Bit Project is a student organization that tackles the deficit of shared information in tech by building and hosting free coding bootcamps to help students build key skills required to succeed in tech. One of these is the Serverless Camp, in which students spend four weeks learning about the services that Azure provides and how they can use them to build various applications. For the next four weeks, students work with professional mentors from the tech industry to find and resolve a world issue using Serverless technology.
Several students around the world built projects using Azure Functions for the Serverless Days: Student Edition Conference hosted by Bit Project in 2021. Each student had worked extensively with mentors in the tech industry, software developers, project managers, and developer advocates, to learn about the services that Azure provides and how to integrate databases and APIs to build bots and applications using those services to solve real world problems.
High School student, Ganning Xu, was the first to complete the Camp course and took his head start as an opportunity to find and resolve issues in the program. The Camp curriculum itself was hosted on a in-house GitHub bot. For his final project, Ganning decided to improve the overall experience of the bot for both students and mentors by adding more features, bug fixes, and transferring the code to host the bot as a Serverless function.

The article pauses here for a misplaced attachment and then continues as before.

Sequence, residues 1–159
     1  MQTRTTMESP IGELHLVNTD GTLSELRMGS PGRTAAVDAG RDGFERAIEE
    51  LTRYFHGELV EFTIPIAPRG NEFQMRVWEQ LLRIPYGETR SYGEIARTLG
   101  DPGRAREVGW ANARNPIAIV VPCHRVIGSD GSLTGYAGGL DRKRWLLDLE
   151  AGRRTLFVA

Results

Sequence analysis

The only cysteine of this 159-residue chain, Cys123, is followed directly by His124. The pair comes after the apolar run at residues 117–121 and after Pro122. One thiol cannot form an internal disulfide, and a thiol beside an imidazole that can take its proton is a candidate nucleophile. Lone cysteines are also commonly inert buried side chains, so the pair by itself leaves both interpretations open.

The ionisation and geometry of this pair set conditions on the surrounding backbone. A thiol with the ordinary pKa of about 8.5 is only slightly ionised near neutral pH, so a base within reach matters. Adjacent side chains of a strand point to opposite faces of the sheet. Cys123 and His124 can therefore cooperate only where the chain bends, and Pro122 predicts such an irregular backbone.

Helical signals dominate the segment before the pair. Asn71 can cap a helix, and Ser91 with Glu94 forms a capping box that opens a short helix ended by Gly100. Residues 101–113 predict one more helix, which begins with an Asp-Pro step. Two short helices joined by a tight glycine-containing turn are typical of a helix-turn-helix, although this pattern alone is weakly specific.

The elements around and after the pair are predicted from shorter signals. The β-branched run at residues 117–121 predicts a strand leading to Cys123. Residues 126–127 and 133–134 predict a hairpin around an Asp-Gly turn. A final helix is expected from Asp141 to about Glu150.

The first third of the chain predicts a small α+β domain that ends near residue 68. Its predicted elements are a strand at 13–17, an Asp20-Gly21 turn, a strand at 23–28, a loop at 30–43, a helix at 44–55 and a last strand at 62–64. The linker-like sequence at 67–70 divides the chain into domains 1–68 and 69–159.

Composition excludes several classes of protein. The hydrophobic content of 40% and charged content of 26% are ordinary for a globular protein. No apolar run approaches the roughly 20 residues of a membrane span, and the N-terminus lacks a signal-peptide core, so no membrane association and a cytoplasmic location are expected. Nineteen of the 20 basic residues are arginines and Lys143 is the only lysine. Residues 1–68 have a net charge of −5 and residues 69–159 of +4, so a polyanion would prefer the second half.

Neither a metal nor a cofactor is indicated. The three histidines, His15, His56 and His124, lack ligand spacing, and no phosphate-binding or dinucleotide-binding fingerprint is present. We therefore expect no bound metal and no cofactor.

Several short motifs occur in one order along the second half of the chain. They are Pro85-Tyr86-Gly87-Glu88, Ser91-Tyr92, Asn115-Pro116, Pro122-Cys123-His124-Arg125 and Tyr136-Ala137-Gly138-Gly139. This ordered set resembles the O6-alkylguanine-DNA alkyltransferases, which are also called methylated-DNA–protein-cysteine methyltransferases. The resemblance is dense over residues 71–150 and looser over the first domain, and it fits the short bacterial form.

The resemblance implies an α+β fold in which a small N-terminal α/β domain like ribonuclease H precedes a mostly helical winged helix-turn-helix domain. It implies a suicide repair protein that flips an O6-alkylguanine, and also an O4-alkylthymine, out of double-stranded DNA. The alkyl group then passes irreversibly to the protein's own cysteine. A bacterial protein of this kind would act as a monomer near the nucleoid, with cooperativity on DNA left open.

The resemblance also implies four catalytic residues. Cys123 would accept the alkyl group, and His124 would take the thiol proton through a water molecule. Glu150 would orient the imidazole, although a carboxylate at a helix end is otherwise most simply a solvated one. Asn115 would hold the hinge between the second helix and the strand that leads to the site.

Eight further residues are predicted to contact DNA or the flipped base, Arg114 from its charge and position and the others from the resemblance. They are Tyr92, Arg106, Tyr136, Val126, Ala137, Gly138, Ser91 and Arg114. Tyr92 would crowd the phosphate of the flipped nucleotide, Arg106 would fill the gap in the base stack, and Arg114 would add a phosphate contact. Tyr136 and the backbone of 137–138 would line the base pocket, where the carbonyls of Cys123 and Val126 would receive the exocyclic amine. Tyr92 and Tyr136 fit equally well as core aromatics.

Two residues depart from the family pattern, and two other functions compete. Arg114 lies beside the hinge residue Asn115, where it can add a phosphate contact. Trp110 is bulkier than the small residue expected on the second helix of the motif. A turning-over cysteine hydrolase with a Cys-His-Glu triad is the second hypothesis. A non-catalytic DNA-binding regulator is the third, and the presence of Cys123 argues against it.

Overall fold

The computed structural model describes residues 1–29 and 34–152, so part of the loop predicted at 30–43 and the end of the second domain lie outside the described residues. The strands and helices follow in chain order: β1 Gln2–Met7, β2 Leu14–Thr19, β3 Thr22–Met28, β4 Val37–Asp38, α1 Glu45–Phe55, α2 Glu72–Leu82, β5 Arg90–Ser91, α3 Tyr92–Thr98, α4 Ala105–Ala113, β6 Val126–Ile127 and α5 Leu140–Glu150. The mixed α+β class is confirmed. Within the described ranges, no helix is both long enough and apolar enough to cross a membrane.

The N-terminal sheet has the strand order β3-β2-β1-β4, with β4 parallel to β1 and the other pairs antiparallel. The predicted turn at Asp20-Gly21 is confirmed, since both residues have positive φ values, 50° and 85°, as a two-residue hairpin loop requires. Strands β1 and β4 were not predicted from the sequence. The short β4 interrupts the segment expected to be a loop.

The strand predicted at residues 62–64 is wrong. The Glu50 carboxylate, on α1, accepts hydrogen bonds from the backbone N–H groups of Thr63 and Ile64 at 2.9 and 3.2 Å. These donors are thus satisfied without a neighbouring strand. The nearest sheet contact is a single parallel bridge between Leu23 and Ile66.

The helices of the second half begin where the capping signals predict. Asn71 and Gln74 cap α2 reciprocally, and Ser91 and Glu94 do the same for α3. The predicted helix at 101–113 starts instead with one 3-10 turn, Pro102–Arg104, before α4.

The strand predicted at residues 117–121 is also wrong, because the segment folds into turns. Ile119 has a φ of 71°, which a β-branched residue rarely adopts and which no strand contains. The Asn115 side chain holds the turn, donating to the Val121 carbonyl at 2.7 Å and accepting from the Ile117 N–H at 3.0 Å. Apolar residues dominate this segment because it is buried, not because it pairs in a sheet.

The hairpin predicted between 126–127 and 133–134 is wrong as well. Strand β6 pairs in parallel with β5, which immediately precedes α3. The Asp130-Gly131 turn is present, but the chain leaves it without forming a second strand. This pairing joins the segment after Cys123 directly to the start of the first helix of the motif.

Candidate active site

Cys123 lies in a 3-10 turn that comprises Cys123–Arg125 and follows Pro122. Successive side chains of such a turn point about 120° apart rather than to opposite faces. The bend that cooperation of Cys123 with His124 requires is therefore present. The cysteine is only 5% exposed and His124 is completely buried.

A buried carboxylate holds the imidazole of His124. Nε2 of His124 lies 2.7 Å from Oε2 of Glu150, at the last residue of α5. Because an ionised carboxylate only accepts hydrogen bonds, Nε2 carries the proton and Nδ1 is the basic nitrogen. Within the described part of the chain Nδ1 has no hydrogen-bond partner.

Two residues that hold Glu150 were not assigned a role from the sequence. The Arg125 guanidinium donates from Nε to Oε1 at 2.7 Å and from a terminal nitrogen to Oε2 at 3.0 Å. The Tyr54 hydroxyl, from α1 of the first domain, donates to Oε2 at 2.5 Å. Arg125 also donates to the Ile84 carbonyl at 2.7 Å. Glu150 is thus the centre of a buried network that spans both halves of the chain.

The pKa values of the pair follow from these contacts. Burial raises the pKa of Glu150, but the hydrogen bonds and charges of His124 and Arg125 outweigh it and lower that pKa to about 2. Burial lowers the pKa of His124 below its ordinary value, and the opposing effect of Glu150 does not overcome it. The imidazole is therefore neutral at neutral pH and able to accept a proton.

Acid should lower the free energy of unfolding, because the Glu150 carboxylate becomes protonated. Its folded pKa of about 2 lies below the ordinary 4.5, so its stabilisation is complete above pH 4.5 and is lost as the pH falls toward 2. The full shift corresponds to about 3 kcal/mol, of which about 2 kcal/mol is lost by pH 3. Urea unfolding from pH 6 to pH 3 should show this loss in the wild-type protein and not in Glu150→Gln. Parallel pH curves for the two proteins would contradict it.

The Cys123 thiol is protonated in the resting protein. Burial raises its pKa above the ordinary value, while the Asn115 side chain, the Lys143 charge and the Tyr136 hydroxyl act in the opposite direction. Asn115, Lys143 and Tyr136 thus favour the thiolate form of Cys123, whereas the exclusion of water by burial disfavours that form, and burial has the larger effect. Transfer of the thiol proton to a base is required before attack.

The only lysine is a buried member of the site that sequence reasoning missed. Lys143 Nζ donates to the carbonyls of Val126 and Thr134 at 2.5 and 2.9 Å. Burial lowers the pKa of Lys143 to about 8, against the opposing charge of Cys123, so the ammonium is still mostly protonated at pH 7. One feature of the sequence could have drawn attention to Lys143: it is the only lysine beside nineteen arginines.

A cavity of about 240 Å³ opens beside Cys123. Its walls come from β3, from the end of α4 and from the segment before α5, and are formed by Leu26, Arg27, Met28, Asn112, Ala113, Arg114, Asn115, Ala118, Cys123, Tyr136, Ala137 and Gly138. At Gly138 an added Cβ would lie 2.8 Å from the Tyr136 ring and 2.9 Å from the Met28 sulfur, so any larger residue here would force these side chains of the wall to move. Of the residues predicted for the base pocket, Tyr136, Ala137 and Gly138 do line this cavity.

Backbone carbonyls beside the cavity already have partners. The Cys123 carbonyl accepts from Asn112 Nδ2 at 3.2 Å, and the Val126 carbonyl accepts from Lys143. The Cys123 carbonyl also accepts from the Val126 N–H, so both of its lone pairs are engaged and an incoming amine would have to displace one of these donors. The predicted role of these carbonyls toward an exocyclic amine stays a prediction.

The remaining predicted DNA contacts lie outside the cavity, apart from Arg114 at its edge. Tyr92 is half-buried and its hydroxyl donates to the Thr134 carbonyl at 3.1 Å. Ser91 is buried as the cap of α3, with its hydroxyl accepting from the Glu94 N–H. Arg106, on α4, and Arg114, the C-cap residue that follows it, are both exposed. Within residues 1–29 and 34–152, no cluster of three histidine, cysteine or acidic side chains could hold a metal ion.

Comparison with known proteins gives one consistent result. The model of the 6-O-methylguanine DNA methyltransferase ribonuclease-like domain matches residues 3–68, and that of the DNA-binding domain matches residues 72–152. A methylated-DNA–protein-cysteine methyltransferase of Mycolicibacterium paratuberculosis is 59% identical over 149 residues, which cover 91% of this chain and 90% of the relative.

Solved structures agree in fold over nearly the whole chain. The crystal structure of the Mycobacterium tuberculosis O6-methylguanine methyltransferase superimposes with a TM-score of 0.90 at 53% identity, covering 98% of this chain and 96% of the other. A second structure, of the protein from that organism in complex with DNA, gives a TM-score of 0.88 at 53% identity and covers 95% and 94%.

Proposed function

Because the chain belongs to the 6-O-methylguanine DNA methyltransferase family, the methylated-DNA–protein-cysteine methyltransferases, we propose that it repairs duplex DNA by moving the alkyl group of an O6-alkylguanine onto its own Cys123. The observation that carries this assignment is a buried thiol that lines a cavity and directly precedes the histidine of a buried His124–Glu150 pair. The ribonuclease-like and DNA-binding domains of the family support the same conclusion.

His project, a Serverless Slack Bot, helps alleviate the stress of virtual team communication, and helps boost productivity. The bot maintains and updates a single knowledge base, monitors channels for keywords, and responds to inquiries with those words in threaded conversations with users.
Beatrix Cendana, originally a writer, wanted to build more technical skills and become a technical writer. While balancing a hectic schedule, Beatrix discovered a need for a product that can help generate random recipes for daily cooking and timely reminders for regular meals. She decided to create an SMS feature with the Twilio API that can remind people to eat based on a proper schedule and add the feature to help them get the random recipes.
Watch the full Serverless Days: Student Edition 2021 Conference, where five of the students from the Serverless Camp present lightning talks including the inspirations behind their application ideas, journey to building it, and demo of the working application. Students also talk about their experience working with external APIs, databases, and their mentors.
These students are an example of how quickly programmers can pick up Serverless architecture, get started building their own applications, and become experts in the field. These skills can be valuable in various roles across tech that require extensive knowledge of cloud computing and deploying applications on providers like AWS, GCP, Azure, etc.